Academic journal article The Cato Journal

Restructuring the U.S. Postal Service

Academic journal article The Cato Journal

Restructuring the U.S. Postal Service

Article excerpt

From 1775 when Benjamin Franklin was appointed as the first postmaster general of the United States, the agency known as the U.S. Postal Service (USPS) has grown to become an institution that delivers about half of the world's mail in rain, snow, and the dark of night. Employing about 656,000 workers and 260,000 vehicles and operating about 38,000 facilities nationwide, the USPS is the second-largest civilian employer in the United States, after Wal-Mart. If the USPS was a private sector company, it would rank 28th in the 2009 Fortune 500 (U.S. Postal Service 2010).

The USPS is obligated to provide a uniform price and quality to all Americans, irrespective of geography. Although the USPS is often mistaken for a government-owned corporation such as Amtrack, it is an independent branch of the federal government; it is controlled by a board of governors and a postmaster general and it is regulated by the Postal Regulatory Commission. The USPS is structured to operate like a business, financing its operations through the sale of postal products and receiving no direct taxpayer subsidies.

The USPS is proud of its efficiency gains. For example, 10 years ago it took 70 employees one hour to sort 35,000 letters. Today in an hour, only two employees process an identical volume of mail. Though the number of addresses in the nation has increased by nearly 18 million in the past decade, the number of employees who handle the increased delivery load has decreased by more than 200,000 (Potter 2010a).

Also, the USPS appreciates its high levels of national on-time performance (e.g., 96 percent for first-class mail) and a 94 percent customer satisfaction score. It also reminds Americans that its services are a global bargain. For example, a 2010 first-class letter mailed in the United States costs 44 cents. The same letter mailed in other countries would cost (in equivalent prices in U.S. dollars) 47 cents in Canada, 64 cents in Great Britain, 77 cents in Germany, 83 cents in Japan, and $1.25 in Norway.

However, the USPS is currently at a tipping point due to the combined effects of a large recent decline in volume and revenue that is projected to extend into the future, as well as increases in operating costs. Although the USPS has enacted an array of revenue-generating and cost-cutting activities, these measures likely are not sufficient to eliminate the gap between revenue and costs. Will the business model of the USPS crumble, resulting in its operations again being supported by taxpayer subsidies as they were at one point?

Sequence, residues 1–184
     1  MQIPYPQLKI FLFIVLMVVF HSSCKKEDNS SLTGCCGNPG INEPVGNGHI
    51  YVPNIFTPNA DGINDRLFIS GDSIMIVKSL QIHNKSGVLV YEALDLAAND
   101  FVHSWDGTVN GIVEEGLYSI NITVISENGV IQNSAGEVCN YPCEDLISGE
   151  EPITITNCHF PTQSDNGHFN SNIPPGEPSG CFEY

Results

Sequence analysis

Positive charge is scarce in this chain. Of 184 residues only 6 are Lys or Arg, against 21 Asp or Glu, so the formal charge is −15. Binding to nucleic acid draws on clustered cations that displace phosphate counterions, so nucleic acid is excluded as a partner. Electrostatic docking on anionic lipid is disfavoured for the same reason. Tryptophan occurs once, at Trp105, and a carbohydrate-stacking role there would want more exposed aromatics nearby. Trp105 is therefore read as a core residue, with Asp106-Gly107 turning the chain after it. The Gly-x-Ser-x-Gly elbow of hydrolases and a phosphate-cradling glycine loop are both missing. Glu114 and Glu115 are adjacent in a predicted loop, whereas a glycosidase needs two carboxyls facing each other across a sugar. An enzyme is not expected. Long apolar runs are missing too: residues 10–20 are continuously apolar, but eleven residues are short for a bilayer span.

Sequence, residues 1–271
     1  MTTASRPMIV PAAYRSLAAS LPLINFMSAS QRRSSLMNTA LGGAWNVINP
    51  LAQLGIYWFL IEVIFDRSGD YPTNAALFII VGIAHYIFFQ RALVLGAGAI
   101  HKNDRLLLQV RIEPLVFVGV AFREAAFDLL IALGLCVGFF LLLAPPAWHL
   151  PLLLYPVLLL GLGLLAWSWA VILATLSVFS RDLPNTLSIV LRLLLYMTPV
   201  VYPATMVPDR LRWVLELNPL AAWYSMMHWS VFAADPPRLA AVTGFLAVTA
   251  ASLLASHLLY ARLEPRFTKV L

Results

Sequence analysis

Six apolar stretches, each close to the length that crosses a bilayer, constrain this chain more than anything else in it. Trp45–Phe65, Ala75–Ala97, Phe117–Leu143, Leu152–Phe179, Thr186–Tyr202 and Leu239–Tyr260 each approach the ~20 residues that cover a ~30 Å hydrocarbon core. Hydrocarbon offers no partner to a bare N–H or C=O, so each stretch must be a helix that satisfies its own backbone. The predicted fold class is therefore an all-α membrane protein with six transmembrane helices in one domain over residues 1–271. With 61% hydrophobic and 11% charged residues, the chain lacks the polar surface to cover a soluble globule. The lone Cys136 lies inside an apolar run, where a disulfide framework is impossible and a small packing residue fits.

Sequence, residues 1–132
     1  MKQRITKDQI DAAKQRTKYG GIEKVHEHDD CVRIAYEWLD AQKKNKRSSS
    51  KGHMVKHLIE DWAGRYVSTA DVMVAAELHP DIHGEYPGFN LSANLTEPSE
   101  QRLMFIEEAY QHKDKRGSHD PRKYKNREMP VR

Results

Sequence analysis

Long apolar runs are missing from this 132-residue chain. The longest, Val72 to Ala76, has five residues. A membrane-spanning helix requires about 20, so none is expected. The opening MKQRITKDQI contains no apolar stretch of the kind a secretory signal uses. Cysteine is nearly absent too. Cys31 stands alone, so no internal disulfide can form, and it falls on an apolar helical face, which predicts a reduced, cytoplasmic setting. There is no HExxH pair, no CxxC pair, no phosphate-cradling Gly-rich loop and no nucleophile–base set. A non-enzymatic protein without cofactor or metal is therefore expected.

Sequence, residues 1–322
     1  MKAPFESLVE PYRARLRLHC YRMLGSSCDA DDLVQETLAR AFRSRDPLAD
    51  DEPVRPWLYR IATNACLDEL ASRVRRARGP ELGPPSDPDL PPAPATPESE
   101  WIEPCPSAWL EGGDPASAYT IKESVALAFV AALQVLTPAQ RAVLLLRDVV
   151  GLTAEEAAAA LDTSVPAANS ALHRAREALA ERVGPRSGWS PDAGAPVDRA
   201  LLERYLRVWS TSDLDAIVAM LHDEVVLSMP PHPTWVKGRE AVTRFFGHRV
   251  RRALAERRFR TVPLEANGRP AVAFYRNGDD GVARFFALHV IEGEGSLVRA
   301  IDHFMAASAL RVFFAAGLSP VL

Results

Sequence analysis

This article, which is an extension of Carbaugh (2007), discusses the economic problems of the USPS and possible changes in its structure that would help keep it solvent. It concludes that, given the state of technology, privatization probably is the only long-term solution for the USPS.

Nature and Operation of the Postal Service

Prior to 1971, the government provided postal services through its U.S. Post Office Department, an agency that received annual appropriations and heavy subsidies from Congress. Members of Congress influenced many aspects of the Post Office Department's service operations such as pricing of postal products and selection of managers.

In 1971 Congress replaced the U.S. Post Office Department with a new agency, the U.S. Postal Service. Since that time, the USPS has been an independent agency of the executive branch and it operates as a commercial entity, relying on the sale of postage, mail products, and services for revenue. The USPS is required by law to cover its costs, and it has not received taxpayer subsidies since the early 1980s. However, it does receive an annual appropriation from Congress of about $100 million (or 0.1 percent of its $75 billion operating budget) as compensation for the revenue it forgoes in providing, through congressional mandate, free mailing privileges for the blind as well as absentee-ballot mailing for overseas military personnel. …

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